3. Gold Isn't A Safe Haven

Gold prices have been falling as investors rush for safety in the real safe haven and the world's reserve currency -- the U.S. dollar, says Tim Dyer, vice president of Sage Capital Advisors in La Jolla, Calif.

"Gold has been a safe haven in times of massive inflation, which is out there, but also backstopped by the Federal Reserve and Ben Bernanke for a few more years," Dyer said. "While there are some pundits that swear gold will be the new reserve currency, that is a long way from happening."

The Bullish Case

4. Rock-Bottom Interest Rates

Dismally low interest rates force investors out of safe-haven Treasuries and money markets into risk assets because they can't earn any dividend income on bonds.

"Real interest rates at 4% in 90-day Treasuries would represent a significant head wind for gold," John Hathaway, portfolio manager of Tocqueville Gold Fund at Tocqueville Asset Management, wrote in his third-quarter client letter. "However, it is difficult to imagine a transition to real rates of 4% without inflicting significant damage to the financial markets or the economy."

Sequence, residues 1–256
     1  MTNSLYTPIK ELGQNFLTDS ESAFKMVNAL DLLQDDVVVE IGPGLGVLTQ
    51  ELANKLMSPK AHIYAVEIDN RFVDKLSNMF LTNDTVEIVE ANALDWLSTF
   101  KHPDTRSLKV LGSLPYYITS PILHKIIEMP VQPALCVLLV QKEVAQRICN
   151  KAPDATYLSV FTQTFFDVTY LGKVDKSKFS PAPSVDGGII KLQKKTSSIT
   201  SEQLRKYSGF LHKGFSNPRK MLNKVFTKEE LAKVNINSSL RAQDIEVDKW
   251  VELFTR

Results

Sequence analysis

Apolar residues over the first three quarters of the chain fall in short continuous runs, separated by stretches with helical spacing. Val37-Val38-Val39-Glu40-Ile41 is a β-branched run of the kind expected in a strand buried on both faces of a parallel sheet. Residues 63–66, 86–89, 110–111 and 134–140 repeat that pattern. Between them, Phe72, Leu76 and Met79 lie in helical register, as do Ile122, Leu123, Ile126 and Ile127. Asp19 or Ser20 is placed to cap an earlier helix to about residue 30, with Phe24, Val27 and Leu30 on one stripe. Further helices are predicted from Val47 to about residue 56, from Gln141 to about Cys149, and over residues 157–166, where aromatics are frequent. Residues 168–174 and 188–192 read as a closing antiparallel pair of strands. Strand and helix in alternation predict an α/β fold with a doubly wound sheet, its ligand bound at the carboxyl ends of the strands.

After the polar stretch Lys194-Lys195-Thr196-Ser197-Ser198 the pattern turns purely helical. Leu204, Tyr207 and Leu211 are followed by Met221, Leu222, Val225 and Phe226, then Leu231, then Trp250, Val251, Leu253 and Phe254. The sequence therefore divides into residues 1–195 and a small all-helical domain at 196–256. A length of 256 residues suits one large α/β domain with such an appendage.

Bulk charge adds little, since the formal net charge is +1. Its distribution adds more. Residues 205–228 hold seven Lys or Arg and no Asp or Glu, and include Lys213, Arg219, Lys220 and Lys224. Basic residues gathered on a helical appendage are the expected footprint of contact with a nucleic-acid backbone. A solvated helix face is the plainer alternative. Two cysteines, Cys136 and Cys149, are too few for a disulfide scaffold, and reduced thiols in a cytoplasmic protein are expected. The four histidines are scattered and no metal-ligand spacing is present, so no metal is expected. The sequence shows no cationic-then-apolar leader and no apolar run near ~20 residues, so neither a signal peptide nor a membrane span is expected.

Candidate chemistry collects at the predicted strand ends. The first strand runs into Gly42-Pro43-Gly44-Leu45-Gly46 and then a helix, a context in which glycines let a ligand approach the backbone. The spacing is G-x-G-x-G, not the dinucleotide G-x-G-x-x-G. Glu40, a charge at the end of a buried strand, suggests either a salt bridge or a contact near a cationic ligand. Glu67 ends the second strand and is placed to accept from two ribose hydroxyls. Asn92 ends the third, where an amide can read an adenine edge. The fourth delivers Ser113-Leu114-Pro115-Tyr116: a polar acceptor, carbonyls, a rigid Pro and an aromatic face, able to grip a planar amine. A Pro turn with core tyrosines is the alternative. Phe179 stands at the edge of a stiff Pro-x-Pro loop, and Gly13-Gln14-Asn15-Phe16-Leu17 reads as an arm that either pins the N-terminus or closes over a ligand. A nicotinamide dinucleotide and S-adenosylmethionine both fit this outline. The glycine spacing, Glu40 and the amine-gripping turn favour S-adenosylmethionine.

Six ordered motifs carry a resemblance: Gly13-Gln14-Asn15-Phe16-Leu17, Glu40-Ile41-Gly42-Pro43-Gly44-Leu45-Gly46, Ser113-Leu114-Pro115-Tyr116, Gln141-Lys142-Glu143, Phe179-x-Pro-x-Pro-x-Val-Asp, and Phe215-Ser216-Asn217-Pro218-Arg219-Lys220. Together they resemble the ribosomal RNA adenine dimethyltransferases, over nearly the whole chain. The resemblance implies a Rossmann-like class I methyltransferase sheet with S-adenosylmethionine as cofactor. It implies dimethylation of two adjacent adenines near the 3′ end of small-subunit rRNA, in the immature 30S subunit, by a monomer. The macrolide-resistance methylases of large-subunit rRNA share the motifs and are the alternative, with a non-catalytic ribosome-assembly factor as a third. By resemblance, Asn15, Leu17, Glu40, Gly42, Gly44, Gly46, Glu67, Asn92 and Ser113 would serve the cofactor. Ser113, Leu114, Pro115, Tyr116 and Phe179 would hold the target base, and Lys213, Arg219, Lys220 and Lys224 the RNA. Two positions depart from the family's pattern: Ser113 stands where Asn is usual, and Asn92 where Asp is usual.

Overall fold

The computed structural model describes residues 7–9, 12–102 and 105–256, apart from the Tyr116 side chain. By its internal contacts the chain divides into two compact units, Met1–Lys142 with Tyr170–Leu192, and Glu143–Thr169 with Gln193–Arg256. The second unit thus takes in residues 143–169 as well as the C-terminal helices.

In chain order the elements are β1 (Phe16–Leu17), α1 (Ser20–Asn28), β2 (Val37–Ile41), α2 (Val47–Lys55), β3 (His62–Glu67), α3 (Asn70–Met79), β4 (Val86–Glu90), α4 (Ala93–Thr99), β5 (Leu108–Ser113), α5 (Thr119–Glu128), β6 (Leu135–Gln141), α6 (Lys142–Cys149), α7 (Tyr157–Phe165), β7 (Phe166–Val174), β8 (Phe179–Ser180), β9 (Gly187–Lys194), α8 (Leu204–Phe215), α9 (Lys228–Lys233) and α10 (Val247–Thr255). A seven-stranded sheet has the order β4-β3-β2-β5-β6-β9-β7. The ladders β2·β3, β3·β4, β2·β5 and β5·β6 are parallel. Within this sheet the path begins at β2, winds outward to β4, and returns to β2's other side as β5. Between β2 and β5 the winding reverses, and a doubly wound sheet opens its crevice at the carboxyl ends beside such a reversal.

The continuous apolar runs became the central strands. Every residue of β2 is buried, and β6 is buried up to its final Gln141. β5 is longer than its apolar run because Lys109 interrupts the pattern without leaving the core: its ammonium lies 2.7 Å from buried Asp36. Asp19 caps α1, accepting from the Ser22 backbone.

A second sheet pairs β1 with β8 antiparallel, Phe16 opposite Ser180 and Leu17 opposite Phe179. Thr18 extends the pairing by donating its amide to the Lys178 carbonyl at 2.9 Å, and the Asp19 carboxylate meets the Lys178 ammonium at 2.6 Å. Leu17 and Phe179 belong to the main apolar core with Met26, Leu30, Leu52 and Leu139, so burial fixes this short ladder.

He expects gold to hit new highs over the next 12 months. He's also bullish on gold miners, which are trading at historically low valuations.

"Profit margins are at record highs and returns on capital are approaching respectable levels," Hathaway wrote. "Equity capital issuance has dropped sharply in the last few years, a reflection of the industry's much improved profitability."

5. Chart Patterns Look Bullish

GLD's chart has formed a bullish four-weeks-tight pattern with a 174.17 buy point. The pattern appears when a stock closes the week within 1.5% of the prior week's close for four straight weeks.

GDX's chart appears to have formed a bullish long cup-with-handle base with a 55.35 buy point.

"Gold and silver prices are tracing out bullish pennant formations, in our opinion, and appear to us to be setting up for big moves," Mark Arbeter, chief technical strategist at S&P Capital IQ, wrote in his report this week. "Major chart resistance for gold remains at $1,800 an ounce. With the chart patterns bullish, and the greenback starting to break lower, we think the precious metals will see a major breakout in the very near term.

"Based on the size of the current cup-and-handle patterns, we believe there could be a measured move for gold up to $2,075 an ounce."

Silver Prices

Spot silver prices skidded 0.97% to $33.77 an ounce Friday.IShares Silver Trust ( SLV ) fell 1.19% to 32.51. It's formed a bullish four-weeks-tight pattern with a 34.18 buy point.

Global XSilver Miners ETF ( SIL ) gave back 1.16% to 24.29. It appears to be forming a cup-with-handle base with a 25.69 buy point.

Follow Trang Ho on Twitter @TrangHoETFs

The views and opinions expressed herein are the views and opinions of the author and do not necessarily reflect those of Nasdaq, Inc.

This article appears in: Investing , ETFs
Referenced Symbols: GDX , GLD , SIL , SLV , UUP